Over 600,000 Rohingya people have fled the recent eruption of violence in Myanmar and crossed the border into Bangladesh. Brutal military attacks against this stateless Muslim minority intensified in Myanmar’s Rakhine State in August, and sprawling refugee camps have sprung up in the Cox’s Bazar region of Bangladesh. Kate Hartley, Acting Country Director of UP Bangladesh, shares her first-hand experience of visiting one of these camps.
We arrived at the camp at the same time as a massive, open-top truck full of Rohingya refugees pulled up. As they all started clambering out, one of the first things I noticed is that these people came with nothing. A few of them had a bottle of water, or the odd plastic bag, but there were no suitcases or luggage. Seeing people crowded onto this truck in the heat of the day was so dehumanising.
It’s hard to describe the scale of the crisis. I don’t think the human brain can calculate big numbers very well. I know what 1,000 people looks like because that was the size of my secondary school – but my brain just cannot comprehend hundreds of thousands of people. It’s unimaginable. We walked up one of the hills to get an aerial view of the camp – and it just goes on and on and on. There’s rolling hills of tents as far as the eye can see. You can’t see an end to the camp, and it’s really overwhelming to think of all the people living in all those shelters.
The scale is unbelievable, and we only went to one camp on this trip. The landscape is completely flattened – entire forests have been mown down and biodiversity has been lost. A lot of host communities are being moved off their land, to make room for the camps.
Another worry is that this part of Bangladesh is very climate vulnerable – it’s incredibly prone to cyclones, particularly at this time of year. But where else is Bangladesh going to put the refugee camps? In a small country with a population of 156 million, there’s just no space.
Understanding the need
The camps are very crowded, and one of the things that stands out as you walk around is the sheer amount of children. In Rohingya families, there is an average of seven children per household. Around 80% of the refugees are women and children, and around 29% of them are children under five years old. There are loads of children running around, many of them without any clothes on. It was really hot when we were there, and they obviously didn’t have time to pack clothes when they fled their homes across the border.
Families are living in crude shelters, pieced together with bamboo poles and sheets of tarpaulin. There’s no electricity or fans, so it’s boiling hot inside the tents. They have dug little stoves out of the soil inside the shelters – so it’s very smoky and very dangerous. You can see lots of women and small children in the tents, inhaling these unpleasant fumes.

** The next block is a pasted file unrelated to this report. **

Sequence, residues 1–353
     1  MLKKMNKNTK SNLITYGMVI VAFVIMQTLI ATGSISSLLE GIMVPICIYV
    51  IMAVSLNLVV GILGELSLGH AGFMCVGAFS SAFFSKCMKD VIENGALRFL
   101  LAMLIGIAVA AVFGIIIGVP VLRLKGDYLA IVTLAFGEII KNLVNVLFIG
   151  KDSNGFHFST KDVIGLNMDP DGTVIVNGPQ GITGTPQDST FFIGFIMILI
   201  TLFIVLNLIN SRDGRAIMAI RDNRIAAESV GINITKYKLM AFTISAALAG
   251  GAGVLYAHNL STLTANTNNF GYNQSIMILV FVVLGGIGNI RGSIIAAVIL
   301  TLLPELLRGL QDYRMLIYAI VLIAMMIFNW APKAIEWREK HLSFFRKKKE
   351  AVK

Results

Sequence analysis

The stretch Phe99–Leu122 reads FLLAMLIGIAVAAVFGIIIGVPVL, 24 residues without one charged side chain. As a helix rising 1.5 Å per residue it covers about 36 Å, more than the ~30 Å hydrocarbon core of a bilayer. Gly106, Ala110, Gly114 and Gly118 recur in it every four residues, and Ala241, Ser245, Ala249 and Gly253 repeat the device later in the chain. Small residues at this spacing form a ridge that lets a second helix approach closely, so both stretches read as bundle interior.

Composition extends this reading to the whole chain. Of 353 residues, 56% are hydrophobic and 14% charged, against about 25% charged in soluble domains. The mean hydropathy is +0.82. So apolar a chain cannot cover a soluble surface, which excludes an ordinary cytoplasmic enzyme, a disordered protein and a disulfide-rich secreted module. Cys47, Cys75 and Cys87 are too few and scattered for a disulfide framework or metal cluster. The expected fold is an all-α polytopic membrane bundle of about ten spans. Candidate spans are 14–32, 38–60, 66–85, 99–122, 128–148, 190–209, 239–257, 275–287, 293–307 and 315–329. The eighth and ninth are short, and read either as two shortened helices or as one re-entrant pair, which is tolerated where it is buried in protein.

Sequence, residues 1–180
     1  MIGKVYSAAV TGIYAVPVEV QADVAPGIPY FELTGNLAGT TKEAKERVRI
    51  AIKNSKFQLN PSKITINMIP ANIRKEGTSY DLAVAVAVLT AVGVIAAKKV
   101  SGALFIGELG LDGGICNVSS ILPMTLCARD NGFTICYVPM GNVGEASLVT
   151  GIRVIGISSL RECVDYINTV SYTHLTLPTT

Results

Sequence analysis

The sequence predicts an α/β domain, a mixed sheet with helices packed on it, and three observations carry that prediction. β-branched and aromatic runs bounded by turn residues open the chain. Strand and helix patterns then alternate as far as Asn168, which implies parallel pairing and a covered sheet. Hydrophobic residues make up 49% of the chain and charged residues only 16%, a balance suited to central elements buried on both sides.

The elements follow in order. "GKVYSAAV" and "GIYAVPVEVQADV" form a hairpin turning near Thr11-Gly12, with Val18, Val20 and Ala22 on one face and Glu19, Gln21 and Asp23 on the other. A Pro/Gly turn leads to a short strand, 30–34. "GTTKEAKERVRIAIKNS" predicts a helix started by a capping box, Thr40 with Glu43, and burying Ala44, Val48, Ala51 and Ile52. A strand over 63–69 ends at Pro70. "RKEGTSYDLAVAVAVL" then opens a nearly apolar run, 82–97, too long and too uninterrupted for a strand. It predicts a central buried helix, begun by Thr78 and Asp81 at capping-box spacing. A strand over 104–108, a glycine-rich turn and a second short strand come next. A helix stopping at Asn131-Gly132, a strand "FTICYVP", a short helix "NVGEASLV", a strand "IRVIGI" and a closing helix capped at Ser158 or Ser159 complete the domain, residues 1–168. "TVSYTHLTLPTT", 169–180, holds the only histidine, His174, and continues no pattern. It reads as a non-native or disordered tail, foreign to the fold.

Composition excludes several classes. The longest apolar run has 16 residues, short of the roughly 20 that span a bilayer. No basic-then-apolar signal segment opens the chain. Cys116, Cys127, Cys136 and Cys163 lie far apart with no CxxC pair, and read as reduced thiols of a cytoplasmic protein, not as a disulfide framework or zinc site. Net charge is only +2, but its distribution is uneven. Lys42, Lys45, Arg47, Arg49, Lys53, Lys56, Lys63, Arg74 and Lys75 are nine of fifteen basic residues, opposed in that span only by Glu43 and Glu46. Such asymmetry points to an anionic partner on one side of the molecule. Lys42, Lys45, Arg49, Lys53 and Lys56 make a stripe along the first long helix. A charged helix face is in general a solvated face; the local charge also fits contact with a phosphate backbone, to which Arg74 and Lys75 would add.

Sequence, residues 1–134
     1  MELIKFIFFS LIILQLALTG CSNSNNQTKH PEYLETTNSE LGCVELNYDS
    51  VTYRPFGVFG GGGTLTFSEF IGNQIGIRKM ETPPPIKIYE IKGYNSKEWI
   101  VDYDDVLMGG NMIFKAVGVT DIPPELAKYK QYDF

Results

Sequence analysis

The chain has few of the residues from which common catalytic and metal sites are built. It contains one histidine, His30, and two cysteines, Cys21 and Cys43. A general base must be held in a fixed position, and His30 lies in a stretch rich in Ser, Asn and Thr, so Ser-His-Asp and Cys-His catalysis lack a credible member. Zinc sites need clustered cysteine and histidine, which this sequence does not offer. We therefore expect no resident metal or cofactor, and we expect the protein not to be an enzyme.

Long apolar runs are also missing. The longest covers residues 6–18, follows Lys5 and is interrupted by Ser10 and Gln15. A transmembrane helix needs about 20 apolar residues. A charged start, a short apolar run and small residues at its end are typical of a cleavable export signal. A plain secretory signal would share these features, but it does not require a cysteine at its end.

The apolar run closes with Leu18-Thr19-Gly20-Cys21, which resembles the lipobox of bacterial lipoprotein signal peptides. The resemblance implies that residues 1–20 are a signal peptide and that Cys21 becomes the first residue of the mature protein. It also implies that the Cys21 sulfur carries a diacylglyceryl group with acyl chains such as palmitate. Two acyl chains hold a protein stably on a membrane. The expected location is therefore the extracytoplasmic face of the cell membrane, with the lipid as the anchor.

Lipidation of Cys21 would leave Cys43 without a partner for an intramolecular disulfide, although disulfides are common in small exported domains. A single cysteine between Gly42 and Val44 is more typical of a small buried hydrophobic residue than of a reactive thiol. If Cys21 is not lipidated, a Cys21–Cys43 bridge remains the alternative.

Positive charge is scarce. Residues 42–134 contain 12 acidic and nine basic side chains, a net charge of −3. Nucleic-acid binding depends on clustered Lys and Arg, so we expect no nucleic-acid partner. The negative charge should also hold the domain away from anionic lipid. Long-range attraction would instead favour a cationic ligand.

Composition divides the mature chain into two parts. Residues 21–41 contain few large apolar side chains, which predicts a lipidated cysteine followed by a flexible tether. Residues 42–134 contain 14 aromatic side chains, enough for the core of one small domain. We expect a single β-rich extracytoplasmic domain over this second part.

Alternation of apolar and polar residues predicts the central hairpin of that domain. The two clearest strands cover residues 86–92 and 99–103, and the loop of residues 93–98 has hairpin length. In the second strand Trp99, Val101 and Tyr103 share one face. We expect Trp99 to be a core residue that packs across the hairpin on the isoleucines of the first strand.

Malnutrition is a huge problem. Relief organisations give out rice, dhal, oil, salt and sugar – but you can only purchase vegetables, dairy products, meat and fish from markets stalls. So people who don’t have any money, or don’t have anything to trade or sell, are not able to get the nutritious food they need. I saw lots of malnourished children, and one baby – tiny and listless in her mother’s arms – particularly stood out to me. The mother was having trouble breastfeeding, and it doesn’t seem as though there is much opportunity to get formula milk for babies.
The recent influx of refugees is placing a huge strain on already limited resources, and there are not enough water and sanitation facilities in the camps to meet the demand of the increasing population. Over 80% of water samples taken by the World Health Organisation from available water supplies tested positive for E. coli. Toilets are overflowing, putting people at risk of water-borne diseases, which could easily spread throughout the camps.
Face to face with trauma
From an outsider’s perspective, the Rohingya refugees look traumatised. In Bangladesh, people are generally very happy to greet you despite their background, living conditions and the difficult circumstances in which they live. The camps are completely different. There’s a huge amount of trauma – and people’s stories were devastating. They have witnessed so much death, loss and suffering.
I heard so many heart-breaking stories when I was there.
One young guy told me his father had been shot and buried by the army in Myanmar, and that he had dug up his body after the army left so that the family could give him a proper burial. He showed me a picture he’d taken of his father’s body on his phone. There were tears in his eyes and he was visibly very upset.
Another woman I met travelled to Bangladesh in a boat. She watched helplessly as a nearby boat, also full of Rohingya refugees, overturned and sunk, and she saw many of the people drown.
Before it’s too late…
The Rohingya refugees are in desperate need of basic supplies. UP is on the ground in Bangladesh, ready to launch a long-term humanitarian response through which we will deliver clothing, toilets and washing facilities, and safe spaces for women and children. We have over 20 years’ experience of working in this region of Bangladesh, which means we are well-placed to act quickly and effectively.
But the sheer scale of the need far outweighs the response. And as the crisis continues to escalate, we urgently need your help.